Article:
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M. Okada, T. Y. Wong, R. Kawasaki, N. Baharuddin, D. Colville, R. R. Buchanan, J. Savige; Retinal Venular Caliber is Increased in Patients With Autoimmune Rheumatic Diseases. Invest. Ophthalmol. Vis. Sci. 2010;51(13):3792.
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Patients with autoimmune rheumatic disease have a high vascular disease burden. Evidence suggests that systemic inflammation, a risk factor for cardiovascular disease, is associated with changes in the retinal vasculature, with wider retinal venular caliber in particular. The aim of this study was to determine the relationship between retinal vascular caliber and autoimmune rheumatic disease.
A case-control study was conducted involving 124 patients with autoimmune rheumatic disease and 124 age-and-gender-matched controls, recruited from the Northern Hospital in metropolitan Melbourne, Australia. Rheumatic disease was diagnosed by a rheumatologist using the American College of Rheumatology criteria. Participants completed a structured questionnaire and had fundus photographs taken of both eyes. Retinal vascular caliber was measured using a computer-based technique by certified graders masked to patient characteristics and disease status. Summary indices representing estimated average diameter of central retinal artery and vein (Central Retinal Artery Equivalent [CRAE] and Central Retinal Venular Equivalent [CRVE]) were calculated. Multiple regression analyses were performed to estimate the difference in retinal vessel caliber.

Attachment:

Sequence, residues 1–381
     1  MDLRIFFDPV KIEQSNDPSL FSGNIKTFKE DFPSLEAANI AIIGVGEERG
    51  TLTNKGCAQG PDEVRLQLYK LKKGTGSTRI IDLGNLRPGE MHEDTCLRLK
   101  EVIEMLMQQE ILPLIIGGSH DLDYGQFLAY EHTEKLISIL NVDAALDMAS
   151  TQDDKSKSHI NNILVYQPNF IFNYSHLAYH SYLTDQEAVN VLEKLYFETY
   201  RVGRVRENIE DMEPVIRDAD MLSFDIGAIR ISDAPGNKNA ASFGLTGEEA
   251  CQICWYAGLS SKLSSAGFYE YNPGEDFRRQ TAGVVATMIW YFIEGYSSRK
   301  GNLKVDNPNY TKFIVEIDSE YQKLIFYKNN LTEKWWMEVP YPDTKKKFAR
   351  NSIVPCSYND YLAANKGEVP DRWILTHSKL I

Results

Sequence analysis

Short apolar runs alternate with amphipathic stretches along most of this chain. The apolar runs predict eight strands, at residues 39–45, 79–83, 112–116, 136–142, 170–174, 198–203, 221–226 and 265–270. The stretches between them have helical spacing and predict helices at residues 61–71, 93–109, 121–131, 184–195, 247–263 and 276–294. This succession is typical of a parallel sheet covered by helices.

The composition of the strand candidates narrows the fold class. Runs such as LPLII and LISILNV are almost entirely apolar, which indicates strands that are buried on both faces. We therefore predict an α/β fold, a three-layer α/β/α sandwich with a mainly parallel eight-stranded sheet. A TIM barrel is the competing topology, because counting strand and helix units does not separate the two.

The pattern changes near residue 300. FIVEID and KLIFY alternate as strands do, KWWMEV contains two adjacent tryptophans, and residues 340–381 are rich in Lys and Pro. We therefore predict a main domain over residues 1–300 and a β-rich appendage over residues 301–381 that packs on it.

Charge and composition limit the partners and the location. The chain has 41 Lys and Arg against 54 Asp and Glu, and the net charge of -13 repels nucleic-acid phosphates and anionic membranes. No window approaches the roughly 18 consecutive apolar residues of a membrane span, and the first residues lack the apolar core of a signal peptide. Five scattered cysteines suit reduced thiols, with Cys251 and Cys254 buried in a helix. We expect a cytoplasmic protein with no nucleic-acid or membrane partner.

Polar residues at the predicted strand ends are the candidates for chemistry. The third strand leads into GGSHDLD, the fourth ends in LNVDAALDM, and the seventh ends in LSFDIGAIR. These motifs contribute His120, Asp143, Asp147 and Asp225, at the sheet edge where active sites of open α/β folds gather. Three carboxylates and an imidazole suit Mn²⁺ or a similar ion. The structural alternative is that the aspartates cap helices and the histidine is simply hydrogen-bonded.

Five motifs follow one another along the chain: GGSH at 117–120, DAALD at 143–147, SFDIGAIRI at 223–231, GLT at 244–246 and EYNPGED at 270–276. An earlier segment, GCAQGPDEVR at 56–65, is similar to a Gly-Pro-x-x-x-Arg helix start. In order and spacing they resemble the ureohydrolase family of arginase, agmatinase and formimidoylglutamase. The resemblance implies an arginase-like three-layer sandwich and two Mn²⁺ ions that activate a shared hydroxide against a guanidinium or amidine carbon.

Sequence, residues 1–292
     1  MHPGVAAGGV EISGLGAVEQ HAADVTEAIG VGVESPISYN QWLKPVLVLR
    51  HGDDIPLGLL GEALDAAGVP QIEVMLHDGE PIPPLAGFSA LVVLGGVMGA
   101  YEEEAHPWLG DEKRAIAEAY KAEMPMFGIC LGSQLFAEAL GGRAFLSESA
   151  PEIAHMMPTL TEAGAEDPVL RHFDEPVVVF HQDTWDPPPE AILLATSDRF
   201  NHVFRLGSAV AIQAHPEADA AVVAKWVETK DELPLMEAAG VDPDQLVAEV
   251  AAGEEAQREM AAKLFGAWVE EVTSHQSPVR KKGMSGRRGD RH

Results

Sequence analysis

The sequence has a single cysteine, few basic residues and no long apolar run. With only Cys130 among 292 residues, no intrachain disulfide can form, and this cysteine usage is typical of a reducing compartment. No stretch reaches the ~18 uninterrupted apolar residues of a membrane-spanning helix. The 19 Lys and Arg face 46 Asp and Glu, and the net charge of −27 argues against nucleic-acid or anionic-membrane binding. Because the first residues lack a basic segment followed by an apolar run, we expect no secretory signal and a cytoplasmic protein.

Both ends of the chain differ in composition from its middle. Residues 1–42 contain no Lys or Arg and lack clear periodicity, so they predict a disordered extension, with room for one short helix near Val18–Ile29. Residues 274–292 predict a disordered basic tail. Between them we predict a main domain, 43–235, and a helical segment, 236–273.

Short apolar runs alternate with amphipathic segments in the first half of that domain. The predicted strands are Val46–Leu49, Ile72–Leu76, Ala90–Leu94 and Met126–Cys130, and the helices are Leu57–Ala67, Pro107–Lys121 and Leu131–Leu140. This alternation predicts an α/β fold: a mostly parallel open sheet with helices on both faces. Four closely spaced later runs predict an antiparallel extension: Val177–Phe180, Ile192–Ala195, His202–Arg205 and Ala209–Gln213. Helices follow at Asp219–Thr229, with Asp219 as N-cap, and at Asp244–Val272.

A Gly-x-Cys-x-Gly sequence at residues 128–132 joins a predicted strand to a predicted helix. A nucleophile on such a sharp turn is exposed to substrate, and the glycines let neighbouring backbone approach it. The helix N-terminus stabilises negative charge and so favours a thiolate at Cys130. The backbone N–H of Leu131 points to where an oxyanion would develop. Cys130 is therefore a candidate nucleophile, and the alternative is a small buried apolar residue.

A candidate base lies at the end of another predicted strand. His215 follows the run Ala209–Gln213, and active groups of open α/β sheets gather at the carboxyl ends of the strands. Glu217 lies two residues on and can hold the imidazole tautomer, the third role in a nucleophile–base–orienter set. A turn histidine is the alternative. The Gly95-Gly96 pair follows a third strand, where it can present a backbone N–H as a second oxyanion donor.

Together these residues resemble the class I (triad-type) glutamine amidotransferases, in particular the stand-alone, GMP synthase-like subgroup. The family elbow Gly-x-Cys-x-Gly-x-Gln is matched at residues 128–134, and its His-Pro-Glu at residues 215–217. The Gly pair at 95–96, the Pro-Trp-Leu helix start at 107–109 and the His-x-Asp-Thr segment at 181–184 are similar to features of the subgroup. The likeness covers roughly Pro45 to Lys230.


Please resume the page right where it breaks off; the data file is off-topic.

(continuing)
Each group comprised 70 males (28%) and 178 females (72%), with a mean age of 60 years (range 19 to 88). Diagnoses were rheumatoid arthritis (76, 61%), systemic lupus erythematosus (17, 14%), psoriatic arthritis (11, 9%) and others (20, 16%). CRVE was wider in patients (222.55 µm ± 26.42) compared with controls (217.31µm ± 25.28). After adjustment for age, gender, body mass index, hypertension, diabetes, smoking, dyslipidaemia, renal impairment and anaemia, CRVE was significantly wider in patients with rheumatic disease (+9.21µm, Confidence Interval: 2.28-16.14 p=0.009) than controls. There were no significant associations between retinal arteriolar caliber and rheumatic disease.
Patients with autoimmune rheumatic disease were more likely to have increased retinal venular caliber. Further studies may determine whether retinal vascular caliber can represent an additional tool for cardiovascular risk stratification in autoimmune rheumatic disease.
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